If only the fittest members of a species survive, then cooperative behavior doesn’t make sense. It is costly to individuals and benefits others. Over the past few years, however, many researchers have shown how cooperative behavior plays nicely with evolutionary theory: from yeast that “share” food to people acting selflessly, cooperative behavior is advantageous for a group’s evolutionary fitness compared to an uncooperative individual’s fitness. Now, in an Early Edition PNAS paper, Schroeder et. al. have shown that cooperative behavior’s enforcement mechanism—punishment—also appears to have been shaped by natural selection. The researchers showed how variants of two genes can predict our sensitivity to punishment, in both giving and receiving it.
Previous research already had linked our sensitivity to punishment and other social decision-making behaviors to serotonin, a neurotransmitter associated with well-being. Taking the next logical step, Schroeder et al. hypothesized that cooperative
behavior could be predicted based on variants of serotonin transporter and receptor genes, which give rise to the molecular machinery that responds to serotonin.
To test study participants’ cooperative behavior and willingness to punish, the researchers used a standard of experimental economics called the Public Goods Game, in which participants individually decide in each round how much of his or her own fortune to share with the group. Then, the total contributed by all members is multiplied by some number greater than one and distributed evenly among all players. A player who does not contribute to the group maximizes her payoff unless other players can punish such uncooperative behavior by imposing fines. Study participants played both a No Punishment and Punishment version of the game via computer and were instructed not to communicate with one another in any other way.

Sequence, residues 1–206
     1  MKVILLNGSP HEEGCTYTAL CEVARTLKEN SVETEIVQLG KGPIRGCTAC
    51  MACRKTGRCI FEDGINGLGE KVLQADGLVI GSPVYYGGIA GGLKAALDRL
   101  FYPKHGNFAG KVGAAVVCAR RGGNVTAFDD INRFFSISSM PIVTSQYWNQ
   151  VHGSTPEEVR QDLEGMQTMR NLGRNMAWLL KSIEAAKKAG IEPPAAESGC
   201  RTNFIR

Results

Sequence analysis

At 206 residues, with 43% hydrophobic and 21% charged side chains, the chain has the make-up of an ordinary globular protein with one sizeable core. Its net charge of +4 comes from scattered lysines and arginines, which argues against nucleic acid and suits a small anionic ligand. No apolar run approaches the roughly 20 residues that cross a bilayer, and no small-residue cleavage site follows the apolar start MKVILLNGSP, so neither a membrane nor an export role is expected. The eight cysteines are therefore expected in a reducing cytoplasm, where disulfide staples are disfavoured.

Comparisons between each participant’s DNA, behavior, cortisol levels as a measure of stress, and self-reported mood and background information led researchers to conclude that “participants with a variant at the serotonin transporter gene contribute more” than those without it in the No Punishment version of the game. In the Punishment version, participants
with a particular variant of the serotonin receptor gene contribute more and also have “a more stressful experience of the games” than those without it.
Previous studies have shown these variants in serotonin transporter and receptor genes confer susceptibility to psychopathology. In this study, the apparent genetic effect on cooperative behavior depended on whether punishment was a part of the game. Because of this, the authors conclude that these genetic variants—and their being turned on or off epigenetically—may also confer an increased adaptability to social contexts, including sanctioning institutions.
Variants at serotonin transporter and 2A receptor genes predict cooperative behavior differentially according to presence of punishment. Kari B. Schroeder, Richard McElreath, and Daniel Nettle. PNAS. Published online before print February 19, 2013, doi: 10.1073/pnas.1216841110